Many trends in real estate have come to a crashing halt due to the global pandemic. While others have been accelerated. Here are 8 real estate trends emerging from the pandemic.
1. Reduced office size
Realtors are all too familiar with working on the road. 94% of the industry expects that their business will adopt remote work policies indefinitely. While the impact on this change may see a reduction in head office footprints, the majority expect that businesses will look to expand their satellite office capacity. With more space in regional centres, businesses will be able to attract and retain talent who want a blended remote work arrangement combined with lifestyle friendly locations.
Evidence suggests that productivity can be boosted through remote work for many professions and the pandemic has destigmatized working from home. As a result, many workers are looking outside their local area for properties to achieve their lifestyle goals. Regions and towns that traditionally suited retirees looking for a seachange and now experiencing an influx of city workers who have transitioned to full time remote employment. As a result, Realtors will need to adapt their marketing strategies and review their target market, in particular those who are located in desirable but distant locations.
Many urban centres are facing decline as a result of the absence of workers, with reduced spending in city centres during the work week. Although this trend will not reverse in the short term, many local governments will work towards transforming their public spaces to create a desirable work/play environment. Improvements will attract residents looking for the connection and variety of city living, but with better amenities for lifestyle balance.
4. Retail vacancies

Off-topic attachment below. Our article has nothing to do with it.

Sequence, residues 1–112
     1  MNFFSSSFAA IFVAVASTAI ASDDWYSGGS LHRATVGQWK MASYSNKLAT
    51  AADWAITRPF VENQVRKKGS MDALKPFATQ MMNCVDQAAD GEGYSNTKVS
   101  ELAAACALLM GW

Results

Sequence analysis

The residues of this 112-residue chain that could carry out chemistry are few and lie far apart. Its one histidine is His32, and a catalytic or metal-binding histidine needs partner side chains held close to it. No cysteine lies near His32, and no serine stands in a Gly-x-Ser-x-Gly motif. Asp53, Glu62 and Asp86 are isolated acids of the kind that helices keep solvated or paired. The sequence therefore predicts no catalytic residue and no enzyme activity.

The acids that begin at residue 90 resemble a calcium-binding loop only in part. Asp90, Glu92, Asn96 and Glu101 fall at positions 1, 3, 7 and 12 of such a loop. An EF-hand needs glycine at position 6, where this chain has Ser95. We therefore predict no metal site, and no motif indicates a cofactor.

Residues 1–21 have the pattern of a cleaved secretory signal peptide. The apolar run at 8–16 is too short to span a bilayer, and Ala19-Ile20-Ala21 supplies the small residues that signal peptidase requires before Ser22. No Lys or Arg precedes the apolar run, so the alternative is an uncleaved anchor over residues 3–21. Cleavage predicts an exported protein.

While online shopping was normalized pre-pandemic, many retailers found themselves rapidly adapting to unseen levels of internet orders. As delivery companies adapted to the demand, these new consumer habits will continue to trend upwards post pandemic. As a result, retailers will reduce their physical presence and expand into hub-and-spoke warehouse operations. While this trend will reduce rents for traditional shopfronts, we will see different service businesses move into these retail spaces in the short term.
5. Government budgets
Many levels of government are facing a decline in revenue across the board as a result of the pandemic. This trend will not reverse in the short term. With reduced income, cities will be reviewing their budgets for services and infrastructure which can reduce property desirability in your area. As many as 65% of cities are planning to delay or cancel infrastructure projects as a result of the pandemic.
6. Changing expectations
Many commercial buildings have responded quickly to the health needs of their occupants. With airborne disease at the top of everyone’s minds, increasing airflow and natural light with reduced density will become points of differentiation for businesses. Residential buyers will look favourably at properties with improved HVAC systems, open entertaining areas, connected devices like doorbells and secure package delivery areas.
7. Disruptive housing
To offset the exodus of workers from the cities, commercial building managers will look to maximise occupancy through rezoning office towers. In a move that can address housing affordability issues, providing residential spaces with entertainment, shopping and services alongside offices will boost occupancy in city centres.
8. Connected solutions
Keeping physical documents or having on-site storage for Reators will die out, replaced with online cloud-based solutions. The real estate trend emerging from the pandemic is a “work anywhere” arrangement with teams collaborating with agents in real time through desktop and mobile devices.